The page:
When the population surged by half a million:
Did PAP increase the number of hospital beds? No
Did PAP construct additional housing to cater to the population increase? No.
Did PAP conduct additional maintenance for our MRT? No
(One of TRE’s usual suspects and he has a point: remember PM’s apology of sorts in 2011.)
This brings us to the issues of public tpt and public housing where, inter alia, the NYT Dealbook explains why the profit-motive and doesn’t work, as does cutting costs, increasing prices. (But note that the New York Times is more socialist than Mad Dog Chee. It pretends to be capitalist.)
IN PRIVATE EQUITY’S HANDS, PUBLIC SERVICES AND HOUSING IN DISARRAYSince the 2008 financial crisis, private equity firms have taken over a widening array of civic and financial services that are central to American life, Danielle Ivory, Ben Protess and Kitty Bennett report in DealBook. People interact with private equity when they call emergency services, pay their mortgage, play a round of golf or turn on the kitchen tap for a glass of water.
Unlike other for-profit companies, which often have years of experience in certain services, private equity’s main skill is to make money. And in many of these businesses, it applied a sophisticated moneymaking playbook, cutting costs, increasing prices, litigating and lobbying, a Times investigation has found.
In emergency care and firefighting, this has created a fundamental tension when there is a push to turn a profit while caring for people in their most vulnerable moments. And the effects have been dire. Under private equity ownership, some ambulance response times worsened, heart monitors failed and companies slid into bankruptcy. In at least two cases, lawsuits contend, poor service led to patient deaths.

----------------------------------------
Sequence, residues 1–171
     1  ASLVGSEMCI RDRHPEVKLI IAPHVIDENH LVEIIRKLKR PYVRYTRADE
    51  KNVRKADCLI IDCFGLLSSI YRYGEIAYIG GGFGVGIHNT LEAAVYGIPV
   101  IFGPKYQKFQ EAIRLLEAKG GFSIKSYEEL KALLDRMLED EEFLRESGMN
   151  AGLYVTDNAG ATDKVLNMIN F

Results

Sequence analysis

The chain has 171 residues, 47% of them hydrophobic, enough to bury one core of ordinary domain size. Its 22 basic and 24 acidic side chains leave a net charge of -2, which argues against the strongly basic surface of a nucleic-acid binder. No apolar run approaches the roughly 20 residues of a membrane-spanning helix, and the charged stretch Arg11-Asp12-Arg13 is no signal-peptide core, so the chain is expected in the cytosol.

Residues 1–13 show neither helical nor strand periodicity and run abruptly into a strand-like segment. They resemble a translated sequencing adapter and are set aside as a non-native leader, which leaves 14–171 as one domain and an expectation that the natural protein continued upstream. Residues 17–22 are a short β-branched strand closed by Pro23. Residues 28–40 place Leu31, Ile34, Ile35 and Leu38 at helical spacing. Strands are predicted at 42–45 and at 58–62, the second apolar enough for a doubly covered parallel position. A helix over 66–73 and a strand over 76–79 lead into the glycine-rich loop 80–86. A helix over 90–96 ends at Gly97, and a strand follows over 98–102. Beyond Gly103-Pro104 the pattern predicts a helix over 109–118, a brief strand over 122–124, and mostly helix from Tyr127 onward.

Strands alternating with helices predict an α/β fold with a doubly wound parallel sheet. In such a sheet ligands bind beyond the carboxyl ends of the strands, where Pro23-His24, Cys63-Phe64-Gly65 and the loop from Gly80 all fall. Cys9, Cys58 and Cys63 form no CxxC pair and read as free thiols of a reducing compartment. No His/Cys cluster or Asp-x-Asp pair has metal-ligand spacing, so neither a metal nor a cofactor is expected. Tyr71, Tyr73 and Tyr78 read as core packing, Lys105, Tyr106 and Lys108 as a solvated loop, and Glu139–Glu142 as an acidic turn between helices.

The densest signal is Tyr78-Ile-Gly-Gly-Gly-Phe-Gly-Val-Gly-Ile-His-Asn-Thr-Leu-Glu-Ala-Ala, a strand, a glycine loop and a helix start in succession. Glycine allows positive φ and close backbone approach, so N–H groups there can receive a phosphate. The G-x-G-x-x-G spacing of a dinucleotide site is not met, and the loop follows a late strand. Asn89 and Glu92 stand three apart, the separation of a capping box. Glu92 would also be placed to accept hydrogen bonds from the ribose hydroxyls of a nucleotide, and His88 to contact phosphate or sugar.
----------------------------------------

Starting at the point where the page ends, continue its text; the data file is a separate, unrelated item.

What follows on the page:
Cities and towns have struggled to pay for public infrastructure and ambulance services since the financial crisis and private equity stepped in. At the same time, private equity firms have moved in where banks have scaled back their mortgage operations. The shift has happened with relatively little scrutiny, and now private equity firms are repeating the mistakes that banks made during the housing crisis, Matthew Goldstein, Rachel Abrams and Ben Protess report. They are quick to foreclose on homeowners and are losing families’ mortgage paperwork, much as the banks did.
Many of these practices were enabled by the federal government, which sold tens of thousands of discounted mortgages to private equity investors, while making few demands on how they treated struggling homeowners.
The Times examined the largest private equity firms operating in the housing industry to assess their impact on homeowners and renters. Lone Star Funds’ mortgage operation has aggressively pushed thousands of homeowners toward foreclosure. Nationstar Mortgage, which leaped over big banks to become the fourth-largest collector of mortgage bills, repeatedly lost loan files and failed to detect errors in other documents. Its mistakes put borrowers “at significant risk of servicing and foreclosure abuses,” according to regulatory records.
When it invests in real estate, private equity also needs to compete for middle-market renters to serve pension fund investors that have come to expect strong returns. As a result, it tends to focus on suburban communities where relatively few people hold federal subsidy vouchers. “These firms are going into markets which would have recovered anyway,” said Alan Mallach, senior fellow at the Center for Community Progress, a nonprofit that advises communities on dealing with vacant and blighted homes. As a result, many of the working poor are being bypassed.
Read more about The Times investigations into broadening private equity ownership here.
Now this sounds like S’pore: As a result, many of the working poor are being bypassed.
And I speak as someone who has good experiences using SingHealth, and public tpt (Off-peak of course. But pre-2011 GE, this was painful.)